The St. Louis Cardinals’ franchise is the most successful franchises in National League history and second only to the New York Yankees in World Series wins with the Cardinals raking in 10 while the Yankees hold a dominant record 27 World Series Victories.
The Cardinals began life in the National League as the St. Louis Browns in 1892, playing ball at Sportsman’s Park. Their addition gave the National League 12 teams. The team was then owned by Chris Von der Ahe who held on to the franchise until he went bankrupt in 1898. It was then that Frank and Stanley Robinson bought the team and the following season changed the name of the team to the St. Louis Perfectos. A St. Louis reporter began using the nickname Cardinals which struck a chord with everyday fans. In 1900, the franchise officially changed their name from the Perfectos to the Cardinals.
The ownership of the team changed hands again in 1920 when auto dealer Sam Breadon purchased the team and moved them to Sportsman’s Park where their American League counterparts (the St. Louis Browns) played ball. Breadon would go on to invest in and pioneer a new minor league farm system. It would be five seasons until the Cardinals would find success.
In their first World Series appearance in 1926, the team was led by future Hall of Fame Player/Manager Rogers Hornsby who up until then had won two Triple Crowns (1922 and 1925). The 1926 team was a powerful force leading the National League in eight offensive categories and led the league with 90 home runs. Their 82 triple plays were good for second and had 83 stolen bases. The bullpen was led by Grover Cleveland who racked up victories in games two and six then came on to save the seventh game as the Cardinals beat the heavily favored New York Yankees.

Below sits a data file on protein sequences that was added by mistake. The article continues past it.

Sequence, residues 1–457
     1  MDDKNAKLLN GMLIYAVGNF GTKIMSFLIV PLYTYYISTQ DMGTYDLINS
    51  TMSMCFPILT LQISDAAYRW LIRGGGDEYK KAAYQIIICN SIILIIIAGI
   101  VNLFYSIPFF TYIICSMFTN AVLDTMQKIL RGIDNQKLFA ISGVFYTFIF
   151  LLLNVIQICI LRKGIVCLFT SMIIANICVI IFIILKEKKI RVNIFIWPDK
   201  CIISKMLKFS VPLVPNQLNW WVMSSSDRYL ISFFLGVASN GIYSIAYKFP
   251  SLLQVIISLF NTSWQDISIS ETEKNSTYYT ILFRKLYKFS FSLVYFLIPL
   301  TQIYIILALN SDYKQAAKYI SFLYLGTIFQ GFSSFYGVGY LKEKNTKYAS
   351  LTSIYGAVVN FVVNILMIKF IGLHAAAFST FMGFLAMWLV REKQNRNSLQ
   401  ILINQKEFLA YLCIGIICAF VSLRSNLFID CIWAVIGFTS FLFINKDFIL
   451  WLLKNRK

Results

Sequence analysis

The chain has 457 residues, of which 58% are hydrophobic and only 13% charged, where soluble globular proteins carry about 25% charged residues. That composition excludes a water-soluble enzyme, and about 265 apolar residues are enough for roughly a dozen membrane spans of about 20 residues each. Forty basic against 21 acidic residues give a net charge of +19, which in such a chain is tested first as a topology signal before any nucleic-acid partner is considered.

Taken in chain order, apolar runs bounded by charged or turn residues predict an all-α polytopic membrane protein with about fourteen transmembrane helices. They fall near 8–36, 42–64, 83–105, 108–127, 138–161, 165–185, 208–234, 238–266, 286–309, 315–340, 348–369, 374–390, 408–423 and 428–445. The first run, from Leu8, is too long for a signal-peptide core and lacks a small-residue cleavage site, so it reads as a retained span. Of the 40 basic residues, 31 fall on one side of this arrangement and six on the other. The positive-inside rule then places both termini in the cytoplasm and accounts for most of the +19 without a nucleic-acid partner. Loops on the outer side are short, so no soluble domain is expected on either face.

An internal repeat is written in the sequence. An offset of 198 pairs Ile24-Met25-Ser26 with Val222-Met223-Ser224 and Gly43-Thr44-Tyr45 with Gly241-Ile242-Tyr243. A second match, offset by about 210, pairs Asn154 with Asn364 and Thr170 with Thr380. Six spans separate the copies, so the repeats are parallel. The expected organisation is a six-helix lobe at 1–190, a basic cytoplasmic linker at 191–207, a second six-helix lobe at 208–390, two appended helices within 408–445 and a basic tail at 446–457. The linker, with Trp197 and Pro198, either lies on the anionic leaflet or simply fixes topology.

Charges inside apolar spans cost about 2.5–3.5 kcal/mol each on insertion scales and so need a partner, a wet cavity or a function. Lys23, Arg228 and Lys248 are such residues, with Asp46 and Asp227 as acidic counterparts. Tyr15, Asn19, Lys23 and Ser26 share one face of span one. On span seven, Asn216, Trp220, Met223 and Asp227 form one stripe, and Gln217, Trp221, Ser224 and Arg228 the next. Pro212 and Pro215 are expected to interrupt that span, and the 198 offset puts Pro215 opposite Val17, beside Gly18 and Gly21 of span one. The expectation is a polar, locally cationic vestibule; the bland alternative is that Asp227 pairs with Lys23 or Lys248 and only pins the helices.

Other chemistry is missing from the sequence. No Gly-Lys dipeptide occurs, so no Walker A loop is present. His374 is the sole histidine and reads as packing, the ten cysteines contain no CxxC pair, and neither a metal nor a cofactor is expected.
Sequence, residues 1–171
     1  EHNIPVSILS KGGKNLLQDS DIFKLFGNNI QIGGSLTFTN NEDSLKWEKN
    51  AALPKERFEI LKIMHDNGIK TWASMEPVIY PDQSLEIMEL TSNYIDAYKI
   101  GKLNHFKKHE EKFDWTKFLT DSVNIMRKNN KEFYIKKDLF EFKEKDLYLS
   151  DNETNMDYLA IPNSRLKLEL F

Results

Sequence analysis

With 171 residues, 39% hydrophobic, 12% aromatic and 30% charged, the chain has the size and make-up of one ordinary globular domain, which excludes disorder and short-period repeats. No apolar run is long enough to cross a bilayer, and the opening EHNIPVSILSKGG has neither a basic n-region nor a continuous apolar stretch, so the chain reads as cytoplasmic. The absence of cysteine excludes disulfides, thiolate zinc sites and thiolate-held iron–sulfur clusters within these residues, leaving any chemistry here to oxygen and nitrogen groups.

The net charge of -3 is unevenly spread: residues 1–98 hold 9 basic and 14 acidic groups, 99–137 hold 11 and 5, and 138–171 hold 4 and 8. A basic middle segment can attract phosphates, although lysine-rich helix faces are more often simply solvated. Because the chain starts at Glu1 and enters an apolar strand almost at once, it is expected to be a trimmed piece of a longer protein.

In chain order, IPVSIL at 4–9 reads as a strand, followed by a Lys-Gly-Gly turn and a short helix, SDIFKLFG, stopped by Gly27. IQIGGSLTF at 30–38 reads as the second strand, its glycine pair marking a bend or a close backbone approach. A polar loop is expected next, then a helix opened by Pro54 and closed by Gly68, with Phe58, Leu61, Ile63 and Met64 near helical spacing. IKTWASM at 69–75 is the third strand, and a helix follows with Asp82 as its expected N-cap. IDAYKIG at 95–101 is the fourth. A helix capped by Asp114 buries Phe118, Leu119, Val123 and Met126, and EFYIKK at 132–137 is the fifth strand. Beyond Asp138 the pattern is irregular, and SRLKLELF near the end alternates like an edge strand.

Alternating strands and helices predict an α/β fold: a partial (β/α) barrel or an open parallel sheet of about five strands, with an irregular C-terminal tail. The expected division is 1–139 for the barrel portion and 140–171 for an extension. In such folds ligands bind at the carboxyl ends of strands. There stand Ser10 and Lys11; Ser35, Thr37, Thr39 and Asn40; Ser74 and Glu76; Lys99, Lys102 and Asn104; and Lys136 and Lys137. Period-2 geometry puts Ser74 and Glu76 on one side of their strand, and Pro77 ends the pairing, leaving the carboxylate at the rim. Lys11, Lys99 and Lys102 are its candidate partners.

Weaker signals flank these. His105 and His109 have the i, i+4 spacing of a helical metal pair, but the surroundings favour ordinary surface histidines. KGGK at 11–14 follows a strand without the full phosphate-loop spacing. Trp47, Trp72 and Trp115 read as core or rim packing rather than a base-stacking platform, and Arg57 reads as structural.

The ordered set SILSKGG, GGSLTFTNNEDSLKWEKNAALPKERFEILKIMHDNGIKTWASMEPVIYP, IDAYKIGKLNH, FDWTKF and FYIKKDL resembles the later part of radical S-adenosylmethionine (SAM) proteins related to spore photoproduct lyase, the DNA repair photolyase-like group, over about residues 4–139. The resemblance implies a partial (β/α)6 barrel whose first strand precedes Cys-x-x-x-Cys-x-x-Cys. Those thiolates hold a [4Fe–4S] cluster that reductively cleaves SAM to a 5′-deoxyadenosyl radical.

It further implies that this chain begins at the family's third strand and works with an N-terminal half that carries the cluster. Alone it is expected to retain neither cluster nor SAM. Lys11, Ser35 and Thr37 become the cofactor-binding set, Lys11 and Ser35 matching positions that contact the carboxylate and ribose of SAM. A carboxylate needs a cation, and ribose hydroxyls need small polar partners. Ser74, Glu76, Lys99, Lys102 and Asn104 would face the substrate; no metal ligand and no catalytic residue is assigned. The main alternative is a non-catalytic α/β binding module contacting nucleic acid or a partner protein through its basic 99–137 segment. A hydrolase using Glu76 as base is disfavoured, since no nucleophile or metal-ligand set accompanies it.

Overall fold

Try as they may, the Cardinals fell short of repeating a World Series but luck came back to them in 1928 when they again faced the New York Yankees in the World Series. This time, the Yankees would take their revenge, sweeping the Cardinals in four games. Two seasons later, the team was again the NL Champions and met the Philadelphia Athletics in the 1930 World Series, losing in six games. They again returned to the World Series in 1931 and again faced the Oakland Athletics only this time won in seven games.
The 1940’s saw the Cardinals win four National League Pennants, two of which led to the World Series. The 1942 club won a record 106 games (With their NL mates Brooklyn Dodgers winning 104) and they met the New York Yankees in the World Series, winning in five games. The team would return in 1944 to face their AL counterparts the St. Louis Browns. Both still played at Sportsman’s Park and the series marked only the third time in World Series History that both teams claimed home field in what was known as the “Trolley Series” and the “St. Louis Showdown.” The 1946 season was also a great one for the Card’s as they met the Boston Red Sox in the World Series. The series would go seven games and the Boston team featured superstar Ted Williams but the Red Sox could not overcome and lost the series to the Cardinals four games to three. The team was purchased by the Anheuser-Busch brewery in 1953.